Beth Chatto has undoubtedly been the most influential British gardener of the last half-century. It seems obvious now, but back in 1960 when she started her garden at Elmstead Market in Essex, the idea that garden plants thrive best in situations similar to their original natural environment was a novel one. Beth’s earliest books for gardeners say it all: The Damp Garden, The Dry Garden, The Shade Garden.
But how did Beth know what to plant and where, in her rather challenging garden (much of it too dry, to wet or too shady for conventional gardening)? The answer was that Beth relied heavily on her late husband Andrew’s knowledge of plant ecology. Those in the garden world knew that Andrew spent a lot of time researching the writings of plant hunters, travellers, scientists – in French and German, and that he taught himself Russian, in order to read the literature on the plant ecological associations of the vast USSR where many good garden plants come from.
Now, thanks to the Internet, and some enthusiastic typists, we can all read what Andrew Chatto wrote. When he died in 1990 he left behind some half a million words on the plants and ecology of most of the temperate world. Not just notes, but eloquently, at times poetically, written text. He would take a place: Japan, the Altai Mountains, The Caucasus, and trawling through a great many sources would summarise the climate, a basic description of the vegetation and list of prominent plants, especially the ancestors of garden plants. When Beth got hold of a new plant he could look it up and tell her where it came from and what its habitat was like. So…. the idea of ‘the right plant for the right place’ was born.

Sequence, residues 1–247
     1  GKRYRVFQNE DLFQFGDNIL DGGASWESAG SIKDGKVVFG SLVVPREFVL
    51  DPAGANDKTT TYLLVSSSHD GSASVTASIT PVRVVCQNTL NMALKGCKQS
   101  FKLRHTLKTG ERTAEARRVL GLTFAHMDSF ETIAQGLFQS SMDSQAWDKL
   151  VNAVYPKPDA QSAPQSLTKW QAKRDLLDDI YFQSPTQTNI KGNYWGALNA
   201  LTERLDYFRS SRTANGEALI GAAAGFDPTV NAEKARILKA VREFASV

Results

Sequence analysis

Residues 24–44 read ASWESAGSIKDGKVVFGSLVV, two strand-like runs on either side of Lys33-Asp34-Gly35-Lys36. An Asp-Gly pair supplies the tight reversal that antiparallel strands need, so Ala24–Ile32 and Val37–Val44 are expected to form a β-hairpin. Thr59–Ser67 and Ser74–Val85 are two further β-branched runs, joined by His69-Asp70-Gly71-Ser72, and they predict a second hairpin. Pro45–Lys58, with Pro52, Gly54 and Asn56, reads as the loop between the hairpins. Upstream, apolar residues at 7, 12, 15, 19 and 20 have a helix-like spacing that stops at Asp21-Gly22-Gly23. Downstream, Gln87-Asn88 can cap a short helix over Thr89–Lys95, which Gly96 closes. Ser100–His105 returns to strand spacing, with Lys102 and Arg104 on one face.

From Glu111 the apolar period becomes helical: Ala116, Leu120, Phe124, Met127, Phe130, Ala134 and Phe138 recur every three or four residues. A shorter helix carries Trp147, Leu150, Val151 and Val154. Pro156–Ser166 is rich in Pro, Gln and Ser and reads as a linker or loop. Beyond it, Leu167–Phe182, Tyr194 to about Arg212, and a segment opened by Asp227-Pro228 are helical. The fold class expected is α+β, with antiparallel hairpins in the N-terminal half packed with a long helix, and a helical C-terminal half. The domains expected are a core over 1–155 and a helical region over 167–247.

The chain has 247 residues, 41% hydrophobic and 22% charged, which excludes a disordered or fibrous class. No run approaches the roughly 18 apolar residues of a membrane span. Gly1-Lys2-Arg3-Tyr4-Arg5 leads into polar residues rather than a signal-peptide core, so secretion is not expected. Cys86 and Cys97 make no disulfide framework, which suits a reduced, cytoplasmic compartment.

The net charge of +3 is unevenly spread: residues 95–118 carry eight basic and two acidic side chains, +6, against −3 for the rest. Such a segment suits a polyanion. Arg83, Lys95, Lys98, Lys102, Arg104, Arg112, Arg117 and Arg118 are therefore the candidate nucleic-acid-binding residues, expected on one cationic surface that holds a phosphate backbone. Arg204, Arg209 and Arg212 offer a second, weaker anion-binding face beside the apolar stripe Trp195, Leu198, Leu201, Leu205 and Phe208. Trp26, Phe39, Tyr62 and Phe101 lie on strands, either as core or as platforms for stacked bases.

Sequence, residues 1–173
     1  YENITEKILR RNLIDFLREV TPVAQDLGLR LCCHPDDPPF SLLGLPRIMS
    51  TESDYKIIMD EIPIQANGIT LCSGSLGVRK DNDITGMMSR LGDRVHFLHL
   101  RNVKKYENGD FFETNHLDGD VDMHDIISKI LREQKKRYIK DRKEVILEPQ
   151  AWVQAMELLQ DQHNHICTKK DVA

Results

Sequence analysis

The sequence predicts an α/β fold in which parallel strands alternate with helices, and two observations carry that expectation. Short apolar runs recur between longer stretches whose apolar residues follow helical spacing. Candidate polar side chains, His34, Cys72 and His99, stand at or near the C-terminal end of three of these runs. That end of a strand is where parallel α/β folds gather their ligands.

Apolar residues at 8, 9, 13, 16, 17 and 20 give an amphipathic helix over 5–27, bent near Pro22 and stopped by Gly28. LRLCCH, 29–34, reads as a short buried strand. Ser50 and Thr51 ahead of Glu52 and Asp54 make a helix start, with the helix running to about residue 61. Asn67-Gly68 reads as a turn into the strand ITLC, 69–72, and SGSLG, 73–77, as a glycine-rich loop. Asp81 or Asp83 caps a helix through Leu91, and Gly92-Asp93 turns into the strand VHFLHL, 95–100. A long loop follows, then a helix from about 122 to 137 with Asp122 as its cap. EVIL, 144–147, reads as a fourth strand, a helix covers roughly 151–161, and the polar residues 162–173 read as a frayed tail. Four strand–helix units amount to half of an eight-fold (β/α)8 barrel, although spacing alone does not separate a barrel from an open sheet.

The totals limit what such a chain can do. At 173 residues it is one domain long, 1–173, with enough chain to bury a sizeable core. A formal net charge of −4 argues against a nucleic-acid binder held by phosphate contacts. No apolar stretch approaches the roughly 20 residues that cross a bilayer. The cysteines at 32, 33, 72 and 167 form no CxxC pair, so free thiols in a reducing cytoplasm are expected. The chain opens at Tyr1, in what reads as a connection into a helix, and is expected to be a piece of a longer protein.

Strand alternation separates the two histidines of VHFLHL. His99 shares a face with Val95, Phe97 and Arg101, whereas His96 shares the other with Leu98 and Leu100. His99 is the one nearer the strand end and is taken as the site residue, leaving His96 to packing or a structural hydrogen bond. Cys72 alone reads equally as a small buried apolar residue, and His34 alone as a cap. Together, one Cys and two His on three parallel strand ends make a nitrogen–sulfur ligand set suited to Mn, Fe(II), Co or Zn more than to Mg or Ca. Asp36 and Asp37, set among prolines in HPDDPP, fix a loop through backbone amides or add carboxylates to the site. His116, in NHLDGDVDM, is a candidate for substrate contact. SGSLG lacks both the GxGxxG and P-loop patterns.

For many years, Beth wondered and worried about what to do with Andrew’s text. She discussed it with well-known garden writer Noel Kingsbury, who suggested that he could help. A note in the newsletter of the Hardy Plant Society brought forward 55 responses, from which he selected eight to type up the notes into a digital format – mostly retired people, skilled copy-typists, all familiar with scientific plant naming. The next stage was to put the text online, so that anyone can read it. It is hoped that in the future plant names can be checked and brought up to date. It is also possible that the Andrew Chatto papers could be the basis of a Wiki-project, whereby others might continue the research into the natural homes of plants enabling us to give them the conditions to which they have become adapted, especially with global warming in mind.
Gardeners reading Andrew Chatto’s work will understand so much more of where their plants come from. Anyone who travels with an interest in ecology or plant life or just wild places will find much to interest them, and perhaps to provide them with a way of understanding what they see. They will do so in the knowledge that Andrew Chatto put in place what before would have involved a whole library.
Andrew Chatto’s research can be found at http://www.bethchatto.co.uk/.